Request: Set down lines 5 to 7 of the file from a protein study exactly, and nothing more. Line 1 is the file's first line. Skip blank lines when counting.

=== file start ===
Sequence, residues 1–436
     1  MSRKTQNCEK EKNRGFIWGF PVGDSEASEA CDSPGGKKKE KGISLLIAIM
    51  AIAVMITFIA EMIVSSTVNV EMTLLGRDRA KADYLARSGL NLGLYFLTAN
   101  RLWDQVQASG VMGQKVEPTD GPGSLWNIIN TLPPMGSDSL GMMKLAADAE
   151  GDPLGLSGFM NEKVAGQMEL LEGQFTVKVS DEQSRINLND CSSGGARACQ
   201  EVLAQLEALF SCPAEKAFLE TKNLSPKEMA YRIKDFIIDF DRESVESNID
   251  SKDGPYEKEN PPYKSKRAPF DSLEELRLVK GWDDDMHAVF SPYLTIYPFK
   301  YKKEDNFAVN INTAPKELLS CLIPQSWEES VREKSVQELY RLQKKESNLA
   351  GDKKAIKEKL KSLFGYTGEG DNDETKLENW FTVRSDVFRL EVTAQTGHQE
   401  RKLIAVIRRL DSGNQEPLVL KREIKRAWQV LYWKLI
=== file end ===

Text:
   151  GDPLGLSGFM NEKVAGQMEL LEGQFTVKVS DEQSRINLND CSSGGARACQ
   201  EVLAQLEALF SCPAEKAFLE TKNLSPKEMA YRIKDFIIDF DRESVESNID
   251  SKDGPYEKEN PPYKSKRAPF DSLEELRLVK GWDDDMHAVF SPYLTIYPFK